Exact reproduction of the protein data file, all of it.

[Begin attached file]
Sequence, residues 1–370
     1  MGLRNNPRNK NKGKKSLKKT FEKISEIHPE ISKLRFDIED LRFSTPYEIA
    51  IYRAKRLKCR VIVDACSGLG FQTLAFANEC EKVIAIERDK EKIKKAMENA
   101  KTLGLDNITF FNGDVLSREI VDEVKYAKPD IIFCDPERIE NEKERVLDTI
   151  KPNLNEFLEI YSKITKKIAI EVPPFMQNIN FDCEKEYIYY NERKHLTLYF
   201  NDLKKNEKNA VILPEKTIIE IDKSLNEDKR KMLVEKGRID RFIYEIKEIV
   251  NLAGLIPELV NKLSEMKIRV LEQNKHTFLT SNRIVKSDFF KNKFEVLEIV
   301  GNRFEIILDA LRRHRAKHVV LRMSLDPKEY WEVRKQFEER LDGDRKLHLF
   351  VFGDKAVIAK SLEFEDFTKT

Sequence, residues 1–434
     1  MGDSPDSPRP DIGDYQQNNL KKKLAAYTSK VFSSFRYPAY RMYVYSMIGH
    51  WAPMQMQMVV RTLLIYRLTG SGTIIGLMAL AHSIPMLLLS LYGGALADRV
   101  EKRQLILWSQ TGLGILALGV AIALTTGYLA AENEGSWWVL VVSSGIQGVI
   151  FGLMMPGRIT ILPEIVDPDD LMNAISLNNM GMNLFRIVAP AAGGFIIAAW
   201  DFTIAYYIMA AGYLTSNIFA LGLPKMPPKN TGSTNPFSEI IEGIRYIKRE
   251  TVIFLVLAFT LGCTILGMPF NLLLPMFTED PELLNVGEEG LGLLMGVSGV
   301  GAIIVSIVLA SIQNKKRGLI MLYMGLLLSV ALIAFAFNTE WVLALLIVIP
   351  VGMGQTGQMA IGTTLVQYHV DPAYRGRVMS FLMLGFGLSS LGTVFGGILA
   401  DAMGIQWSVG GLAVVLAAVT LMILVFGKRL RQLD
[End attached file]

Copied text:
Sequence, residues 1–370
     1  MGLRNNPRNK NKGKKSLKKT FEKISEIHPE ISKLRFDIED LRFSTPYEIA
    51  IYRAKRLKCR VIVDACSGLG FQTLAFANEC EKVIAIERDK EKIKKAMENA
   101  KTLGLDNITF FNGDVLSREI VDEVKYAKPD IIFCDPERIE NEKERVLDTI
   151  KPNLNEFLEI YSKITKKIAI EVPPFMQNIN FDCEKEYIYY NERKHLTLYF
   201  NDLKKNEKNA VILPEKTIIE IDKSLNEDKR KMLVEKGRID RFIYEIKEIV
   251  NLAGLIPELV NKLSEMKIRV LEQNKHTFLT SNRIVKSDFF KNKFEVLEIV
   301  GNRFEIILDA LRRHRAKHVV LRMSLDPKEY WEVRKQFEER LDGDRKLHLF
   351  VFGDKAVIAK SLEFEDFTKT

Sequence, residues 1–434
     1  MGDSPDSPRP DIGDYQQNNL KKKLAAYTSK VFSSFRYPAY RMYVYSMIGH
    51  WAPMQMQMVV RTLLIYRLTG SGTIIGLMAL AHSIPMLLLS LYGGALADRV
   101  EKRQLILWSQ TGLGILALGV AIALTTGYLA AENEGSWWVL VVSSGIQGVI
   151  FGLMMPGRIT ILPEIVDPDD LMNAISLNNM GMNLFRIVAP AAGGFIIAAW
   201  DFTIAYYIMA AGYLTSNIFA LGLPKMPPKN TGSTNPFSEI IEGIRYIKRE
   251  TVIFLVLAFT LGCTILGMPF NLLLPMFTED PELLNVGEEG LGLLMGVSGV
   301  GAIIVSIVLA SIQNKKRGLI MLYMGLLLSV ALIAFAFNTE WVLALLIVIP
   351  VGMGQTGQMA IGTTLVQYHV DPAYRGRVMS FLMLGFGLSS LGTVFGGILA
   401  DAMGIQWSVG GLAVVLAAVT LMILVFGKRL RQLD